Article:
Stephen Yagman VS. Chemerinsky
Stephen Yagman — the blustering, hated, brilliant, beloved, disbarred lawyer who won fame by regularly defeating police departments in brutality lawsuits, got out of federal prison in 2010, having served three years for bankruptcy fraud and money laundering.
Today, the once high-flying Yagman is quietly hunkering down in his former Venice law offices, working on the most important and improbable legal battle of his life: restoring his ruined integrity and regaining his revoked license to practice law.
The normally voluble Yagman is keeping an exceptionally low profile, but he's raising eyebrows anyway. He hopes to win back his old life by having his conviction overturned on appeal before the U.S. District Court for the Central District of California.
And to do that, among other things, Yagman hopes to convince the court that his good friend, Irvine School of Law Dean and legal scholar Erwin Chemerinsky, misrepresented him and screwed up Yagman's previous and unsuccessful appeal.
Last November, Yagman filed a petition for a writ of habeas corpus to vacate his convictions. Key among his claims since then: that the government withheld evidence and that he got ineffective assistance from Chemerinsky, who worked pro bono on his appeal.
Top appellate lawyers in Los Angeles describe Yagman's chances of convincing the court that Chemerinsky ruined Yagman's appeal as "next to zero," "forget about it" and "absolutely no way."
In fact, appellate attorneys say, the number of times a judge has agreed to overturn a habeas corpus case on appeal in recent years can be counted on a few fingers.
Yagman's crimes include his failure to pay $158,000 in taxes, 17 counts of money laundering and bankruptcy fraud for hiding his assets — including a 2,800-square-foot house in Venice — from creditors and trustees when his firm Yagman & Yagman went through bankruptcy.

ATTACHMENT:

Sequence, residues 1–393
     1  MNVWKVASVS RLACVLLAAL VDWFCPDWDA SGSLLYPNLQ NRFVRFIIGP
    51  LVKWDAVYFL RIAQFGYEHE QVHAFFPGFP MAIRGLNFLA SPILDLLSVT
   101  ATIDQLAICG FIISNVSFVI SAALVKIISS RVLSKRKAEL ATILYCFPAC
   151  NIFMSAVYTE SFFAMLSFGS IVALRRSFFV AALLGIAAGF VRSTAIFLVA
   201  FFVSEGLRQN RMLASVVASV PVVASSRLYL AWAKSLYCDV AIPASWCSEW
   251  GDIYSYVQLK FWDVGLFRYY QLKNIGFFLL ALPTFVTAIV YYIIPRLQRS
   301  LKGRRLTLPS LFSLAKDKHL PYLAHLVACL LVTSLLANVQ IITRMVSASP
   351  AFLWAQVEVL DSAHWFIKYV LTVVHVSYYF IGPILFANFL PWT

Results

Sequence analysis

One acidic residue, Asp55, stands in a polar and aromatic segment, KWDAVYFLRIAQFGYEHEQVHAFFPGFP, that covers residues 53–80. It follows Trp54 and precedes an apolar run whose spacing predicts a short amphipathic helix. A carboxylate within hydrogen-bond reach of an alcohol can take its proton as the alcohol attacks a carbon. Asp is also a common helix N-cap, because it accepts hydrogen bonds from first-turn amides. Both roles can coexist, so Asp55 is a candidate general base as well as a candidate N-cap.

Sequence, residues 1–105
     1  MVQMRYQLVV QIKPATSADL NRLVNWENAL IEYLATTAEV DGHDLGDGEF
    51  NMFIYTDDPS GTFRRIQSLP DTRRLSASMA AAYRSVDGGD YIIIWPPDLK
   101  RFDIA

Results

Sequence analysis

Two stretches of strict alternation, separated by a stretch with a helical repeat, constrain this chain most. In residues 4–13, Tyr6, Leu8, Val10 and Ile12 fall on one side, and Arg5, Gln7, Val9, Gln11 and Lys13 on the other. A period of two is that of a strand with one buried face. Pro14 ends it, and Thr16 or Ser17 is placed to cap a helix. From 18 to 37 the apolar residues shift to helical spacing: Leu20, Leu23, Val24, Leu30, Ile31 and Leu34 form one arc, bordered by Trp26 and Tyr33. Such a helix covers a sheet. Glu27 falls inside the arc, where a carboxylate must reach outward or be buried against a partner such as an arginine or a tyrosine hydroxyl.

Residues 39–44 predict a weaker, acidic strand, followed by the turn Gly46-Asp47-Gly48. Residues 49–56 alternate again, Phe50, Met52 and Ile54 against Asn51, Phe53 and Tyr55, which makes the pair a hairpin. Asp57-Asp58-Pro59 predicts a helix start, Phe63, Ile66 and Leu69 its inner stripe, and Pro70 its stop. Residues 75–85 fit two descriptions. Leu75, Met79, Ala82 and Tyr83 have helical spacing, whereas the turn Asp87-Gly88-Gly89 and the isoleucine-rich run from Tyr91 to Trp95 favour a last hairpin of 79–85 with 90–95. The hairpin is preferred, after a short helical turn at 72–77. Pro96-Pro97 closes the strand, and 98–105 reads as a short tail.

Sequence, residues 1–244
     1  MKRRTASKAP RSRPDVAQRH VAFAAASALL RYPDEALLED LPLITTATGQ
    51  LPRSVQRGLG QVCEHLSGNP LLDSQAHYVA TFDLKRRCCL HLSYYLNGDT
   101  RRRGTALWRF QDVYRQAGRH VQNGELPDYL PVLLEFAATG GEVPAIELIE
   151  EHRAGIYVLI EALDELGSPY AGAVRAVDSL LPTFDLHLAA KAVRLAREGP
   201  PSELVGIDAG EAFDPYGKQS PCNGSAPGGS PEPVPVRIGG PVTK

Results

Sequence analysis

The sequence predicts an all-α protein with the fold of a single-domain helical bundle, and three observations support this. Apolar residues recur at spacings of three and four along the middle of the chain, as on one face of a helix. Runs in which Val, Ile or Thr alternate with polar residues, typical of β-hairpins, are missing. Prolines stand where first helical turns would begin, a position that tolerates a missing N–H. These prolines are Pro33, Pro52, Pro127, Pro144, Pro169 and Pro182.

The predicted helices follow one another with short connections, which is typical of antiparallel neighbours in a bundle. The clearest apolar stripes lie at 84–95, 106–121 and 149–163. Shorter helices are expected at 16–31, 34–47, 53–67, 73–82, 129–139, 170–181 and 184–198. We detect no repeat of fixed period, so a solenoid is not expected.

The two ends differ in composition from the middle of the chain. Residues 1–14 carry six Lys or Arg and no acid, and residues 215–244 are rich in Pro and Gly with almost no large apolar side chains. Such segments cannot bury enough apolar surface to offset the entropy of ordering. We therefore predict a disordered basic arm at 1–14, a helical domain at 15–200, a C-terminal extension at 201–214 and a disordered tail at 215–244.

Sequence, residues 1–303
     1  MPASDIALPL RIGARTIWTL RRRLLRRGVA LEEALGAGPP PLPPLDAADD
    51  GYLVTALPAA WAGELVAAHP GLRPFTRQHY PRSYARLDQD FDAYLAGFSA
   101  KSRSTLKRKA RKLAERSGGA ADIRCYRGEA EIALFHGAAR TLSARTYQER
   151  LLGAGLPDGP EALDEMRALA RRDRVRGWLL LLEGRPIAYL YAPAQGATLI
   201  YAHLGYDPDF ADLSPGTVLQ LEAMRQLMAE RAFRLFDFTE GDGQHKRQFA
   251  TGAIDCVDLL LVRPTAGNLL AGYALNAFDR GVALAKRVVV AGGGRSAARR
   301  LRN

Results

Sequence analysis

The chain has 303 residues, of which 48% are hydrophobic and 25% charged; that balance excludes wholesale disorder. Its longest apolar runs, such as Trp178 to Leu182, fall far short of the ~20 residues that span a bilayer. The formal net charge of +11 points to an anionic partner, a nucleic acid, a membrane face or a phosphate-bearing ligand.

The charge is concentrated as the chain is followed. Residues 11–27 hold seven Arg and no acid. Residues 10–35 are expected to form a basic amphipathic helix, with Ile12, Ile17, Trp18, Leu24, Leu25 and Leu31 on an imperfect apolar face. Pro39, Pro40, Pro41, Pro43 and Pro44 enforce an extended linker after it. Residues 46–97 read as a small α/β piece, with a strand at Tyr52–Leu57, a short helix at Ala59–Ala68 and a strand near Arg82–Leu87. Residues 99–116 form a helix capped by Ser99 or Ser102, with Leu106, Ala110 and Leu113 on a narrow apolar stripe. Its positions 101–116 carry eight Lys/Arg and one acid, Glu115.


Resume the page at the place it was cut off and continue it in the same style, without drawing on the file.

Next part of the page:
Yagman is hated by many cops, but also by many attorneys. In the criminal case against him, brought by the U.S. Attorney in Los Angeles, he tried to get that office's prosecutors disqualified. It didn't work.
"We knew going into the case he would throw everything he possibly could at us," Assistant U.S. Attorney Beong-Soo Kim told the Legal Intelligencer last February.
At his 2007 sentencing hearing after Yagman's conviction, a courtroom spectacle stretched on for three days as he pummeled U.S. District Judge Stephen V. Wilson with haggling and legal minutiae. The scene prompted Loyola Law School Professor Laurie Levenson, who once worked as a federal prosecutor, to say, "There are death-penalty phases that don't last that long."
Yagman's almost singular intensity, even among L.A.'s subculture of aggressive and hard-headed litigators, worked like a charm in numerous cases he took on behalf of victims of police mistreatment. But those same skills have not worked in his own defense.
Dennis A. Fischer, a respected appellate attorney, says of Yagman's effort to overturn his conviction: "I don't think much of his chances. These are seldom successful."
Yagman is arguing for a writ of habeas corpus — essentially, yet another review of his case — after a judge reviewing his first appeal, put forth by Chemerinsky, found nothing wrong with the government's case and refused to overturn Yagman's conviction.
"Recent decisions of the U.S. Supreme Court have expanded restrictions on habeas corpus relief," Fischer says. A 5-4 vote against such maneuvers has solidified under Chief Justice John Roberts.
Still, Yagman has an uncanny ability to pull off seemingly impossible legal stunts.
In the late 1990s, Yagman became one of the most reviled lawyers in Los Angeles after agreeing to represent the family of a violent bank robber in the infamous 1997 North Hollywood shootout at Bank of America. The shootout is considered by many to be the longest and bloodiest event in U.S. police history.
The crime left both robbers dead and 18 police and civilians — including many bank customers — injured. It played out for hours on local TV, riveting Americans who watched as the two heavily armed robbers, wearing sophisticated military-grade body armor and using armor-piercing bullets, outgunned the regular police in a running battle through the streets. After better-equipped SWAT arrived, the robbers were pinned down.